"With a business like this in an area like this, it's going to have a huge impact," Hannam told the Journal. "We don't have things happen like this in Cedar Falls."

A call to PFGBest seeking comment was not immediately returned.

“Due to a recent emergency involving Russell R. Wasendorf, Sr., a suicide attempt, some accounting irregularities are being investigated regarding company accounts,” PFGBest said in a statement to investors published online by Futures Magazine, according to the Des Moines Register. “PFGBEST is wholly owned by Mr. Wasendorf. Therefore, the NFA and other officials have put all funds on hold.”

Wasendorf Sr., a 40-year veteran of the futures industry, had a storied career before his company’s fall from grace on Monday. Still, his tenure was not without controversy.

In 2010, authorities began investigating the company over allegations that it had accepted millions of dollars from Trevor Cook, in one of the largest Ponzi schemes in Minnesota history. In 2010, Cook was sentenced to 25 years in prison following allegations that he had stole $190 million from thousands of investors. In 2005, Cook had participated in foreign currency trading through accounts worth $48 million. The representative for the investors that lost out in Cook’s Ponzi scheme sued PFGBest earlier this year.

Reports of PFGBest’s connection to the Ponzi scheme were part of what prompted Flynn, the analyst at Price Futures Group, to ultimately leave the company earlier this year, he said. In 2009 when PFGBest bought his firm Alaron Trading, Flynn almost left, he said, but Wasendorf Jr. assured him that the company was "going to be the most compliant firm in the industry. It's going to be bulletproof," Wasendorf Jr. said. So Flynn decided to stay for a while.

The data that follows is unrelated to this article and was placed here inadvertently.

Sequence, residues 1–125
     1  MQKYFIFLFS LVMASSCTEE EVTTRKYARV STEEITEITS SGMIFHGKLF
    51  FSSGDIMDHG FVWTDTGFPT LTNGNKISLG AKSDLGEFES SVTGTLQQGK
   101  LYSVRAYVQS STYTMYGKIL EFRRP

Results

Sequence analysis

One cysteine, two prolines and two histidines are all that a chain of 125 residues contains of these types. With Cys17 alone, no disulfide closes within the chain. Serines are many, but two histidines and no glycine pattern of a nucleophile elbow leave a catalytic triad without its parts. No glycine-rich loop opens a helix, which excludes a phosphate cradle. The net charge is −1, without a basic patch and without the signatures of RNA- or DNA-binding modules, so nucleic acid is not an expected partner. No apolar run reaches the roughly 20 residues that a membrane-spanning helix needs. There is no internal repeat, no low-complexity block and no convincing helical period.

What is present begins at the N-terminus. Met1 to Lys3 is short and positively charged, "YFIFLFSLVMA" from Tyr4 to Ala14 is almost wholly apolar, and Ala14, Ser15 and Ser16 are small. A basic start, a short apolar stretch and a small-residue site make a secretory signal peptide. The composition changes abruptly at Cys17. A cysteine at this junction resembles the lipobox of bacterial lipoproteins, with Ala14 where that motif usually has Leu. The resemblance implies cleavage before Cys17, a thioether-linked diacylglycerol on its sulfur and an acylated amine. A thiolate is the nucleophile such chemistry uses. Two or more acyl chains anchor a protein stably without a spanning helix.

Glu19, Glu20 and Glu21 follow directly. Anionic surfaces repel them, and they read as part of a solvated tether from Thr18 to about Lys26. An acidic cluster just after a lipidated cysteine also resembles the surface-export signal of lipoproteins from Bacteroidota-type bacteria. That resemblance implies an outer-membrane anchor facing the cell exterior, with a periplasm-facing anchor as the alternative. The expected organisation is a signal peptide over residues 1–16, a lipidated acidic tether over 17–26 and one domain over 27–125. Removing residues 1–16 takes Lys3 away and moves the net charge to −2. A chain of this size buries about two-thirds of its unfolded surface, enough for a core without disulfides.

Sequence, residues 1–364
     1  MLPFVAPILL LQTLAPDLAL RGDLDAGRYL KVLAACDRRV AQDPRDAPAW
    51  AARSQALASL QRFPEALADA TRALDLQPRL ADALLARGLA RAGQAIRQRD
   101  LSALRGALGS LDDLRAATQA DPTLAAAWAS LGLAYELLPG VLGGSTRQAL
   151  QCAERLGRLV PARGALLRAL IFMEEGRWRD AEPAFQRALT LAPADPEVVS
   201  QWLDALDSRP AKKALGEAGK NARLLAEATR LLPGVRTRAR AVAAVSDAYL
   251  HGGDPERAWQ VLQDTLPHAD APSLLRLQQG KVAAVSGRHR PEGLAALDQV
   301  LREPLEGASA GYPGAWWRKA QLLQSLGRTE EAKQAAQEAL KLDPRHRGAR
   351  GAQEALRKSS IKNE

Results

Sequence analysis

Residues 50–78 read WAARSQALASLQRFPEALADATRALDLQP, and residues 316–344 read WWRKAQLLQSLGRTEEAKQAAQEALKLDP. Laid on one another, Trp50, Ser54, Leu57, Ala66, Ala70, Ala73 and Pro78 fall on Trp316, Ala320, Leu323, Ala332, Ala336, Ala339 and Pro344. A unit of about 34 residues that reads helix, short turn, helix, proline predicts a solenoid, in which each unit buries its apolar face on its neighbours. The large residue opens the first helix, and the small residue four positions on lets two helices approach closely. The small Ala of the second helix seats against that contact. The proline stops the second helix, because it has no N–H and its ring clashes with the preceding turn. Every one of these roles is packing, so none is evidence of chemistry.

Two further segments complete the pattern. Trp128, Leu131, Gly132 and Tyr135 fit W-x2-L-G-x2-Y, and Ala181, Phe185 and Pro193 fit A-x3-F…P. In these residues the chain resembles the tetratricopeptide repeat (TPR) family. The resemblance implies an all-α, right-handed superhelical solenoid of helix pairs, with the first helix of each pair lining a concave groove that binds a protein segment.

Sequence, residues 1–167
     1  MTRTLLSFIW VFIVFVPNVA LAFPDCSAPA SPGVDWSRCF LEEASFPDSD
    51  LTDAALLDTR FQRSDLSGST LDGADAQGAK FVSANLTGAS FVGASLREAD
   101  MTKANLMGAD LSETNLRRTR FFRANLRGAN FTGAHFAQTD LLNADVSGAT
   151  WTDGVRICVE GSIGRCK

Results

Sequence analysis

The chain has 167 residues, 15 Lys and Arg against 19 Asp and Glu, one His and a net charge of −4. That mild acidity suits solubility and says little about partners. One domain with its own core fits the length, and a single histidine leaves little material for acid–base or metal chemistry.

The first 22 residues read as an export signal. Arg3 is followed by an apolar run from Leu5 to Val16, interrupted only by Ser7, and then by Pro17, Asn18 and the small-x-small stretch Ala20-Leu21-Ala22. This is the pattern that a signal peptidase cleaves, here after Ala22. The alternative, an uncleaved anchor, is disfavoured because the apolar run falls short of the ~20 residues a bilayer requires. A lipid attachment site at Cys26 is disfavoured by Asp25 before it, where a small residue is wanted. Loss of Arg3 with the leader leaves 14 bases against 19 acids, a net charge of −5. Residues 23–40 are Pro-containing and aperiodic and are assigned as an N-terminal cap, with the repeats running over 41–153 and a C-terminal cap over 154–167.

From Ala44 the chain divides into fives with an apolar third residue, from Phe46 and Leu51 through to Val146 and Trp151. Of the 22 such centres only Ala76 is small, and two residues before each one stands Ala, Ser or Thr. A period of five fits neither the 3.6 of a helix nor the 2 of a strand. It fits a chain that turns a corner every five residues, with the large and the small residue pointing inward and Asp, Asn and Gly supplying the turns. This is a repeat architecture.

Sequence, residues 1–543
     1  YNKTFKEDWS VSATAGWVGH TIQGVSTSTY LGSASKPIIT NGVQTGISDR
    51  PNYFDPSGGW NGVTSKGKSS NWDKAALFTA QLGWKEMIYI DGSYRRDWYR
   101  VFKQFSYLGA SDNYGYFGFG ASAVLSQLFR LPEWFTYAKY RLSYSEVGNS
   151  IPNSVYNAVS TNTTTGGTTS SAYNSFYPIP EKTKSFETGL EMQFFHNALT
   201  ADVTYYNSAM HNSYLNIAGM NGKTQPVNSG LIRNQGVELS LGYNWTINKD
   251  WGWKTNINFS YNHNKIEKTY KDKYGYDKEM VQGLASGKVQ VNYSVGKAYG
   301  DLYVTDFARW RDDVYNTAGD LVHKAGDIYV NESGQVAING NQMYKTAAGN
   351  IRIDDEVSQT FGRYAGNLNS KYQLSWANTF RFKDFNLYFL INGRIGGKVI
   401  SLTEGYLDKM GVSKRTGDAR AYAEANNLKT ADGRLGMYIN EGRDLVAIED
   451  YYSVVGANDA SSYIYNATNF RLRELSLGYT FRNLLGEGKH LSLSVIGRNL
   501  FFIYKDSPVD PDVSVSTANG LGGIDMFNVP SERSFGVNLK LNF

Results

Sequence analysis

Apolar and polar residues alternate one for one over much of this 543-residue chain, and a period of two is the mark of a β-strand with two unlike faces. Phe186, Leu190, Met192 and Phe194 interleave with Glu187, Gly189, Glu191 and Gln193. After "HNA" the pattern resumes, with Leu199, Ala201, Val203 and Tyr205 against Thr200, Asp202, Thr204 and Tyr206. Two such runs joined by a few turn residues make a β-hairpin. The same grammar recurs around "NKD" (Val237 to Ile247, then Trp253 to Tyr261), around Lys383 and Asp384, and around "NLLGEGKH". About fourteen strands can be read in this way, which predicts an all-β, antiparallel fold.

Wasendorf Sr. got his start in 1972 in Cedar Falls as a teacher holding seminars and offering educational programming, according the Journal. In 1990, he started Peregrine Financial Group Inc. and established the Wasendorf Trading System, a method for making recommendations for commodities contracts.

Years later Wasendorf Sr. told the Chicago Sun Times that he named the company after a peregrine, a type of falcon, because "it's the world’s fastest predator," noting, "it’s kind of related in some degree to profiting in the futures market, where you have to act quickly,” according to WSJ.com.

After making a huge profit for himself and his customers by advising them to short the futures market just days before the the 1987 "Black Monday" stock market crash, Wasendorf Sr. expanded his business, according to Reuters. In 2008, the company rebranded itself as PFGBest, some 10 years after creating the BESTDirect Online Trading system.

In addition to being a colossal presence within his company and in his town, Wasendorf Sr. made waves in the futures industry. He was often cited as a representative of the sector in media reports and wrote letters to the editor on a variety of topics, according to WSJ.com.

Wasendorf Sr. also owned a trade publication on stocks, futures and options and ran a newsletter. As of Tuesday evening, Traders Press also listed Wasendorf as its publisher.

D.M. Levine contributed to this report.